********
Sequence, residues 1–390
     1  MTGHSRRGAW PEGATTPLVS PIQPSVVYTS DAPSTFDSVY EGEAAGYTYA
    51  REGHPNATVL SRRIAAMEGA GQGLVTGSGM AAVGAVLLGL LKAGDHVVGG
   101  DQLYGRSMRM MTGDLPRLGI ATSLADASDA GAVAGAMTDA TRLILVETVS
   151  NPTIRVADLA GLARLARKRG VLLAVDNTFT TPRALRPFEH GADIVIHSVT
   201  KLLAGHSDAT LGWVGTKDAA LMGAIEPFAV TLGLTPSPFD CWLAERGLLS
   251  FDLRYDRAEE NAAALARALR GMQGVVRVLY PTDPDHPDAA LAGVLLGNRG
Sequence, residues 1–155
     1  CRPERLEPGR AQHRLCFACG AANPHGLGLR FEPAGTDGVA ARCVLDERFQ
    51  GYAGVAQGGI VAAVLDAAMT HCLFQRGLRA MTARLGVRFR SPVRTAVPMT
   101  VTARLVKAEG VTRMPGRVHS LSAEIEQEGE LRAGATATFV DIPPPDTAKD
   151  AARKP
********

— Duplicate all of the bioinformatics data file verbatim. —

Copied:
Sequence, residues 1–390
     1  MTGHSRRGAW PEGATTPLVS PIQPSVVYTS DAPSTFDSVY EGEAAGYTYA
    51  REGHPNATVL SRRIAAMEGA GQGLVTGSGM AAVGAVLLGL LKAGDHVVGG
   101  DQLYGRSMRM MTGDLPRLGI ATSLADASDA GAVAGAMTDA TRLILVETVS
   151  NPTIRVADLA GLARLARKRG VLLAVDNTFT TPRALRPFEH GADIVIHSVT
   201  KLLAGHSDAT LGWVGTKDAA LMGAIEPFAV TLGLTPSPFD CWLAERGLLS
   251  FDLRYDRAEE NAAALARALR GMQGVVRVLY PTDPDHPDAA LAGVLLGNRG
Sequence, residues 1–155
     1  CRPERLEPGR AQHRLCFACG AANPHGLGLR FEPAGTDGVA ARCVLDERFQ
    51  GYAGVAQGGI VAAVLDAAMT HCLFQRGLRA MTARLGVRFR SPVRTAVPMT
   101  VTARLVKAEG VTRMPGRVHS LSAEIEQEGE LRAGATATFV DIPPPDTAKD
   151  AARKP